Many sysadmins don’t consider themselves coders. They acknowledge that they regularly write complex scripts to help themselves automate their job, but they don’t consider themselves developers. I think it’s for that reason that most sysadmins also don’t think they have any use for an IDE. After all, an IDE is an Integrated Development Environment, and a sysadmin isn’t a developer, right? If that’s been your thought process, then it’s time to reconsider because a good IDE (or robust text editor) offers many benefits over a basic text editor.
A good IDE provides syntax validation and smart auto-completion, important for catching mistakes that are at best, bothersome, and, at worst, harmful. An IDE also offers integration with the rest of your system so you can test scripts as you write them. Should something fail, a good IDE has a debugger to help identify the problem and, in some cases, help you solve it. Additional features include Git integration, quick access to a shell, plugins, and much more.
There are lots of IDEs out there, and most are very flexible, but some arguably are best left to people who do nothing but develop software all day. Sysadmins have different needs and expectations than dedicated programmers, so here are five IDEs that stand out from the rest for sysadmins.
If you use Python for your scripting needs, then Spyder can be your control panel, dashboard, and a heads-up display. Spyder is designed for data scientists and features a great set of tools for dynamic visualization and easy testing. If you’ve ever sent out a Python script to gather stats on a collection of servers, then you know that getting a screenful of numbers can be difficult to parse at a glance. Charts and graphs, however, make it easy to take note of what’s happening on the machines you survey, and with Spyder, you can produce colorful (and even animated) output quickly and easily.
Spyder uses an interactive Python console so you can run your code line by line, or in a group of lines, or as a whole file. If you find yourself switching back and forth between an IDLE session and your text editor now, then Spyder can help, because that same test-and-write workflow is built-in. Spyder also has a debugger, variable explorer, and even a profiler to help you optimize your code once you have it working.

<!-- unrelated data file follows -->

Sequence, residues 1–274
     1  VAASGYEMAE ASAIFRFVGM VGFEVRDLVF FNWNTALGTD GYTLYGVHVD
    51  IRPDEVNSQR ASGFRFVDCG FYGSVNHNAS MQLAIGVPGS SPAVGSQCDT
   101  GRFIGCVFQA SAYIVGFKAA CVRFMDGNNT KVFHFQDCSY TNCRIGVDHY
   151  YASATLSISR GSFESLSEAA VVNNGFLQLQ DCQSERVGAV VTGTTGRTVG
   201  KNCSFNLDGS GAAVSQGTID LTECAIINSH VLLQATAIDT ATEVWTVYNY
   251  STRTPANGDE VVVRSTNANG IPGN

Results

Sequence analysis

The Atom editor is a modern editor and IDE intended for any programming language. Many of its most powerful features are unlocked through its packaging system. For sysadmins, there are great packages for Bash autocompletion, common Bash snippets, Python, Perl, Awk (including autocompletion), Sed, and much more.
Atom is especially useful in training yourself to treat your scripts as components of a versioned project because Atom doesn’t insist upon a specific layout for a project directory but happily treats any folder as a project root. Open a project, work on your scripts, and then commit them to Git right from within the Atom interface. It’s smooth, fluid, and gets you thinking like a DevOps engineer instead of a sysadmin intern, juggling and adapting random scripts as needed. It’s a pleasant environment to work in, it has all the options you need, and it’s as tightly integrated with your environment as you need it to be (or not at all).
Eclipse is a well-known and robust Java IDE, but as a framework for development, it achieves nearly universal pragmatism. Its layout is intuitive, it has a tool to help with every task, and it leans heavily upon its plugin-based architecture for extensibility. As such, it’s a breeze to make Eclipse your Python editor. All you need do is install the PyDev package, set your Python interpreter (it’s probably python3), and start coding. Eclipse itself provides a reasonable structure for your work, and PyDev provides the Python support.